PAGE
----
Family members and friends are often the primary sources of technology learning and technical support for elderly adults. But asking for support can be embarrassing (in that it exposes the older adult’s lack of competence). Guilt may also be a factor if asking for assistance is thought to impose on one’s friends or loved ones. These feelings may prevent a senior from seeking assistance. When they do ask, supporters often live some distance away, and may not be available for days or weeks. These factors should inform user experience design for seniors.
Older people may have a different depth of relationships than young people have, perhaps because they’ve had more time to cultivate them. Consider this in your user experience design for seniors. Older people as a general rule give more weight to the opinions of experts, family members, friends and other trusted supporters. This has important implications when designing marketing features or demonstrating functionality. Designers should think about ways to involve these trusted supporters directly in the user interface experience, for example, by off-loading certain setup and updating tasks via a remote connection.
Several studies have shown that after browsing travel websites, seniors much prefer to switch to the telephone for discussing options and booking trips. This points to the desirability of exploring hybrid user experience design for seniors, where the electronic user interface is designed to be augmented by a person. For example, the Jitterbug phone for seniors allows them to press a button to speak to a person who will then book a Lyft ride for them (rather than using the Lyft app).
While seniors are generally more reluctant to give out personal information, they are at the same time more vulnerable to cyber-crime. Sadly, many scammers target senior citizens. Oftentimes the concept of encrypted connections is lost on older people. And even if they understand what “https” means, visual impairments can make it difficult to see subtle changes in icon shape or color that are commonly used to indicate if a connection is safe or not. Seniors can also be victims of cyber-bullying. In some cases, lax internet security has led to physical crimes (assault and theft).
The user interface designer’s challenge is to make it easy for trusted supporters to provide assistance, while at the same time ensuring privacy and providing strong security.
- Be sensitive to issues of isolation in your user experience design for seniors (i.e., don’t assume there is a relative or friend to help).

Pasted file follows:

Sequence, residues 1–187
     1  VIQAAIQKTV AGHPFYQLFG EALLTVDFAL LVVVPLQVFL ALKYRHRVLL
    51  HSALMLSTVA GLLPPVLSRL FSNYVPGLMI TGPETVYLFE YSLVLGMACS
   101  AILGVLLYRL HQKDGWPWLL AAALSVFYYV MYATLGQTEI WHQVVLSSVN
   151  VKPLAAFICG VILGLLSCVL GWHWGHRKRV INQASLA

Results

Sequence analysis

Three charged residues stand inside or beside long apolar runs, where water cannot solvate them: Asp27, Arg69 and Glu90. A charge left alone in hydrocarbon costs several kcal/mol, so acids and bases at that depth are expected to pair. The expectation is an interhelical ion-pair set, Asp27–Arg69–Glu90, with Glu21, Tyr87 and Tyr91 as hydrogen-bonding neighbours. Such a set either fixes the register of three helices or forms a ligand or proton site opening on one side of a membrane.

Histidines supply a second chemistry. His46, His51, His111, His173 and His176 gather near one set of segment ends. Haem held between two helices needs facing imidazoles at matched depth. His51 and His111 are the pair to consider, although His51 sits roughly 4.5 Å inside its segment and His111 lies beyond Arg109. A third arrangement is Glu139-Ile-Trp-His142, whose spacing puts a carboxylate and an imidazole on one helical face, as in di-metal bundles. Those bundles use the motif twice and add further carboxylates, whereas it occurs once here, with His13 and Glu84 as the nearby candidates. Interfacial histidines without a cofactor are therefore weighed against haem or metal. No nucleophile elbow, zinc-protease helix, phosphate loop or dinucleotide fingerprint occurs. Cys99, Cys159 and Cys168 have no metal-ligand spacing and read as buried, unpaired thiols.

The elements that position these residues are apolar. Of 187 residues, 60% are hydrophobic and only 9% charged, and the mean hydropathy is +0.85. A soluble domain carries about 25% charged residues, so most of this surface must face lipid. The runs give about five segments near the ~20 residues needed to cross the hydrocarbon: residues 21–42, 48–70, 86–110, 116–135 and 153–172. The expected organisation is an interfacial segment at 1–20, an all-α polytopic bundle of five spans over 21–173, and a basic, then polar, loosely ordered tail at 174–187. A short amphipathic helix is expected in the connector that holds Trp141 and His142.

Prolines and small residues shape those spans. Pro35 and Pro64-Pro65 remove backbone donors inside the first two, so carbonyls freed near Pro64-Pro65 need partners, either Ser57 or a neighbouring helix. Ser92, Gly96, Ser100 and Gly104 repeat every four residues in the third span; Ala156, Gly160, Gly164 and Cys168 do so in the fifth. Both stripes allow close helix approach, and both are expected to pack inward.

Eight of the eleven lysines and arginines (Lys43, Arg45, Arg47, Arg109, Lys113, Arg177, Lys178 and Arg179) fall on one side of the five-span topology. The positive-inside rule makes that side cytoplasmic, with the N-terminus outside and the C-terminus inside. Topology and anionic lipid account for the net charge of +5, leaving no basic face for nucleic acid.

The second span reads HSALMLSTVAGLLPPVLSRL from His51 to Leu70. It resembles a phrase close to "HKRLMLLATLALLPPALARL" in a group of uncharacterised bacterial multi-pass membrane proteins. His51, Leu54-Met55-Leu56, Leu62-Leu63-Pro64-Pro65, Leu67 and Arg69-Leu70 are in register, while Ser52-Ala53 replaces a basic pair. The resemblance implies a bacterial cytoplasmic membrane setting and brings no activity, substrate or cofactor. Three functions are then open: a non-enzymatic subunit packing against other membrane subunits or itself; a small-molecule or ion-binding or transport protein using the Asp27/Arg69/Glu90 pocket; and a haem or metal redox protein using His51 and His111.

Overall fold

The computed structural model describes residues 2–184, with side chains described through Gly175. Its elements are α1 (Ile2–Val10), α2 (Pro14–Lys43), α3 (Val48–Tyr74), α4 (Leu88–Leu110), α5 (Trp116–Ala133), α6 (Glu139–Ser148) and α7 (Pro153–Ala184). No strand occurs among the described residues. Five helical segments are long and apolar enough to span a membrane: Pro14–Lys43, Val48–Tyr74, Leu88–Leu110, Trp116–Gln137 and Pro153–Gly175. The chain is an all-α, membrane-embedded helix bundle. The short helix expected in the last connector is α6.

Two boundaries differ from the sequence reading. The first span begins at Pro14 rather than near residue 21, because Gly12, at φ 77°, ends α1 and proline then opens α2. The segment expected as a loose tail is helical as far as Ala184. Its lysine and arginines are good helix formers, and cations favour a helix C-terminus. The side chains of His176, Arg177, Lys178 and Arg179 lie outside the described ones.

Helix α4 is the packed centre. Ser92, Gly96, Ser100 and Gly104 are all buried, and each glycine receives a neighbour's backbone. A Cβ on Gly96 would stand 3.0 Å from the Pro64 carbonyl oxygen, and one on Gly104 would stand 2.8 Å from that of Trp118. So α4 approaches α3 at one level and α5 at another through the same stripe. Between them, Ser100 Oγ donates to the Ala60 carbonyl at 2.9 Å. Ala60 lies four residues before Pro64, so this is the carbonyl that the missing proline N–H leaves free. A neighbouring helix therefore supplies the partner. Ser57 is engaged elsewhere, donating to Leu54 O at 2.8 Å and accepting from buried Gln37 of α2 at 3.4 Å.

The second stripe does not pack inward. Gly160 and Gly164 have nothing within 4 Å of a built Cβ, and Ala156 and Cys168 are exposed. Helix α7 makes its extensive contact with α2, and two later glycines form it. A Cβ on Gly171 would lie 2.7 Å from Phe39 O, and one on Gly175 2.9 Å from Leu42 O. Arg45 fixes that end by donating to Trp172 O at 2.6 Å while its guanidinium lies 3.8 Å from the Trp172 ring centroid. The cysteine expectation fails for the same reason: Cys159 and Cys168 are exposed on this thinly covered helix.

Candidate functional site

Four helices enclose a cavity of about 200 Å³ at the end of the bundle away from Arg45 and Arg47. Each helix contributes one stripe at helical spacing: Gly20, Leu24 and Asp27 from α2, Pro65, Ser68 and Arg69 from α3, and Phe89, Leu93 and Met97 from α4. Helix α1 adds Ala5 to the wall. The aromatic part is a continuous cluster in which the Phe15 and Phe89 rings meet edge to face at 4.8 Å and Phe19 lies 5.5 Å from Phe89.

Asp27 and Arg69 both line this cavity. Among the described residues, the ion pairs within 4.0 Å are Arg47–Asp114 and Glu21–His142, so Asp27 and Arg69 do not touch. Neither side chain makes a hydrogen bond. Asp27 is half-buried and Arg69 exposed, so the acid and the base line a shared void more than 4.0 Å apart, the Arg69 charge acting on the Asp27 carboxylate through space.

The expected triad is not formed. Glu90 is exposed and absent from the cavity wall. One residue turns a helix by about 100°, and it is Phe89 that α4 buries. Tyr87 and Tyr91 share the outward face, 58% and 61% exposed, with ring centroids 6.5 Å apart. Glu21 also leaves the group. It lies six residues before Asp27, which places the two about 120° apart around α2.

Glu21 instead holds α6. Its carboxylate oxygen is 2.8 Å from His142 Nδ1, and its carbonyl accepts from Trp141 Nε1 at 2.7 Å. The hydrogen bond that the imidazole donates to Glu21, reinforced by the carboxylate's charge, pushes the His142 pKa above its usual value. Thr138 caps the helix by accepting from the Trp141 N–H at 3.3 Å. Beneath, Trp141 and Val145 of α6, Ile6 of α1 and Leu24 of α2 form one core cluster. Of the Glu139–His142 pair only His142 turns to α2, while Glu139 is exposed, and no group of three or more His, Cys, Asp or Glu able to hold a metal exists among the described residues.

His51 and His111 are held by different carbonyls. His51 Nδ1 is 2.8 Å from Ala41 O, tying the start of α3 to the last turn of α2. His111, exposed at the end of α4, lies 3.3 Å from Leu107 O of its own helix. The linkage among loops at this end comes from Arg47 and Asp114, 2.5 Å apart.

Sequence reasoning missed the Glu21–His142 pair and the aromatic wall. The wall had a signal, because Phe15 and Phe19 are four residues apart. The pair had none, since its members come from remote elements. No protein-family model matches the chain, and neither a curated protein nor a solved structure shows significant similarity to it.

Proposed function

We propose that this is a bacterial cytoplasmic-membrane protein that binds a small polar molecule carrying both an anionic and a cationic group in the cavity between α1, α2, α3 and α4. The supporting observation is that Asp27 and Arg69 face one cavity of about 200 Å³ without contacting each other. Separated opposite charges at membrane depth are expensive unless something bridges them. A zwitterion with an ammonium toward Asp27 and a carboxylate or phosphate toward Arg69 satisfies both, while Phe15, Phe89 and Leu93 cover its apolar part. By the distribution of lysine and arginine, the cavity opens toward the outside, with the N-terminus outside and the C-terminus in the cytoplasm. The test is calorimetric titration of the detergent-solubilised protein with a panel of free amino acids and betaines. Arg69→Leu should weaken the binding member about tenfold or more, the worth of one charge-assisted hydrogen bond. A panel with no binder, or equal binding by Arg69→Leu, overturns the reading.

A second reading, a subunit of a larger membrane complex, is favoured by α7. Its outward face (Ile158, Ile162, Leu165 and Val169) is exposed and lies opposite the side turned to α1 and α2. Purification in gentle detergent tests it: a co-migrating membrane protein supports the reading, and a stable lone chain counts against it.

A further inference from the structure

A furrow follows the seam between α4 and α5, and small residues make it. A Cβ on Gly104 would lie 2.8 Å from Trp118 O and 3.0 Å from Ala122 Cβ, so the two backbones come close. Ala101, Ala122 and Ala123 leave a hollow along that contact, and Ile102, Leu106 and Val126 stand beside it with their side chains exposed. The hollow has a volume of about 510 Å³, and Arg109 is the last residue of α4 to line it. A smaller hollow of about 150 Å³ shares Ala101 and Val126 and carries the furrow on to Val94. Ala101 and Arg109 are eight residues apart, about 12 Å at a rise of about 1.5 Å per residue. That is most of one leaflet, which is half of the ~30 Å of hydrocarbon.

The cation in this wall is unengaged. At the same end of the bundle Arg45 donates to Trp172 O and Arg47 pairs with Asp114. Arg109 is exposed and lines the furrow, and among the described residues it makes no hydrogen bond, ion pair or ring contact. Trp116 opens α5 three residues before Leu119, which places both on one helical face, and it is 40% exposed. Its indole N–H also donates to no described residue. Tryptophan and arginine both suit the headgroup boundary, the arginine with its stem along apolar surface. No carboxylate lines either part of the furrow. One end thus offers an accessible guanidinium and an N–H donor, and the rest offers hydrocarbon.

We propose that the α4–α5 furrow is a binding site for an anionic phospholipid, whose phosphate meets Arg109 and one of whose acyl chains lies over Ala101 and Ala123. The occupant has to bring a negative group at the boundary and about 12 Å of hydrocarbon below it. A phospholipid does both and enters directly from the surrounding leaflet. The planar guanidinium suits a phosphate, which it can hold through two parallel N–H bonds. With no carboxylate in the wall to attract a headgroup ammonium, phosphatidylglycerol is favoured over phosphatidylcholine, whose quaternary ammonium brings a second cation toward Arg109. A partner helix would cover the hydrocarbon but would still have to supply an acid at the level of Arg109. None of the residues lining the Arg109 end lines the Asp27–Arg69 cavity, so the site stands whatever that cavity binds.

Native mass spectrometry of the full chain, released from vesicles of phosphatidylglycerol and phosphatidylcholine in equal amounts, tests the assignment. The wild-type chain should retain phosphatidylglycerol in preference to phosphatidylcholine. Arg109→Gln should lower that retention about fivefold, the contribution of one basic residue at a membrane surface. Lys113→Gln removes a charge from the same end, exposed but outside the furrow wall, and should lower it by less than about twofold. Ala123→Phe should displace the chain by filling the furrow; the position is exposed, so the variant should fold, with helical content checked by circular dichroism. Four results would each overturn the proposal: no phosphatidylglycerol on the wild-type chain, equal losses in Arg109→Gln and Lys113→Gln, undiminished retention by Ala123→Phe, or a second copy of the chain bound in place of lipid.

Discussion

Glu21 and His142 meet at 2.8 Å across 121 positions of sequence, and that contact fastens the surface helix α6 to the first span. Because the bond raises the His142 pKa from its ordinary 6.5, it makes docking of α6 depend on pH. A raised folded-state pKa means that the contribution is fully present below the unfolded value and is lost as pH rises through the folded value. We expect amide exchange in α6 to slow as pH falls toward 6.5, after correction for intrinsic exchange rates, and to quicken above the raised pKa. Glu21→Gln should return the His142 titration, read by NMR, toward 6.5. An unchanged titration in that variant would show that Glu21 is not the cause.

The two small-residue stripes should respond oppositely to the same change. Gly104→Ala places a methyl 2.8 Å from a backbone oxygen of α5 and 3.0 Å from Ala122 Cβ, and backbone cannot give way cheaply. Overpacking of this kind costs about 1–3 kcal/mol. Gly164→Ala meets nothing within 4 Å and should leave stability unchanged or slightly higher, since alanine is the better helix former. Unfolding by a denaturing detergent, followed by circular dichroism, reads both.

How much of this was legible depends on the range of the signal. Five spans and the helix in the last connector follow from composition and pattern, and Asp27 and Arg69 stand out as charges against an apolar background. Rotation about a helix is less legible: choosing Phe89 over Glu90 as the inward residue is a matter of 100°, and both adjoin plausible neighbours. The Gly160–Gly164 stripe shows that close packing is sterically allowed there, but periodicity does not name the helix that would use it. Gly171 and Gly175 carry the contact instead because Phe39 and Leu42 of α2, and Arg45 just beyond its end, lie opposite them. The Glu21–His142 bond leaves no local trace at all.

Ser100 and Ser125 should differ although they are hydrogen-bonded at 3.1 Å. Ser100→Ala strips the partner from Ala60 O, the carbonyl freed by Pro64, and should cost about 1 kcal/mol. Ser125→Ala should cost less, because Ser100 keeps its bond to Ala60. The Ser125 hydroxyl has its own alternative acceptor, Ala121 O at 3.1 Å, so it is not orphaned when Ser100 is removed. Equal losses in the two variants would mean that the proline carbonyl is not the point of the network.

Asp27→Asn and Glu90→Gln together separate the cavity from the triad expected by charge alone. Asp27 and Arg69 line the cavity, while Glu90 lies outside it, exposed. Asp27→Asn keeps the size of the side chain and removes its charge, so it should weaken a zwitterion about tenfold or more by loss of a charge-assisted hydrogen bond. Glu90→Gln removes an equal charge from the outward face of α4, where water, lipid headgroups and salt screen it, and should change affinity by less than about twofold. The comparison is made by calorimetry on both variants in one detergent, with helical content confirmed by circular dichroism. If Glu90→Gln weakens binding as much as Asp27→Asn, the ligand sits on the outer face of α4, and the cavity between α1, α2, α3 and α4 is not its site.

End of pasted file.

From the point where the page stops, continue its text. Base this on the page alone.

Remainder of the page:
- Enable connections with more meaningful groups of people vs. undifferentiated social networks (e.g., provide a help forum specifically for seniors which is moderated by seniors).
- Facilitate the ability of trusted supporters to provide help and support. When possible, enable them to do this remotely through a secure connection.
- Develop learning materials designed to be used by “trusted supporters” in providing training to the older adults (g., how to change product settings or operating system settings to mitigate age-related impairments).
- Don’t overemphasize privacy controls when “trusted supporters” are involved, but be very cognizant of safety and security issues in your user experience design for seniors.
- Communicate with users why the product developer may need to access their device or data. For example, state why the product developer may need access to their location. What benefit will this provide them? What risk will it create? Clearly state what the data will be used for and where appropriate what it won’t be used for.
- Make it very obvious when internet connections are secure vs. not secure – not just in a web page, but also in apps and other non-browser software.
- Make it easy to understand and change privacy settings. Consider providing privacy setting optimized for older people. Consider making this the default.
- Make auto-update of security related functions possible. Consider providing notifications to “trusted supporters” when security functions are out of date and need to be updated.
- Provide seniors with adequate time to think about privacy and security.
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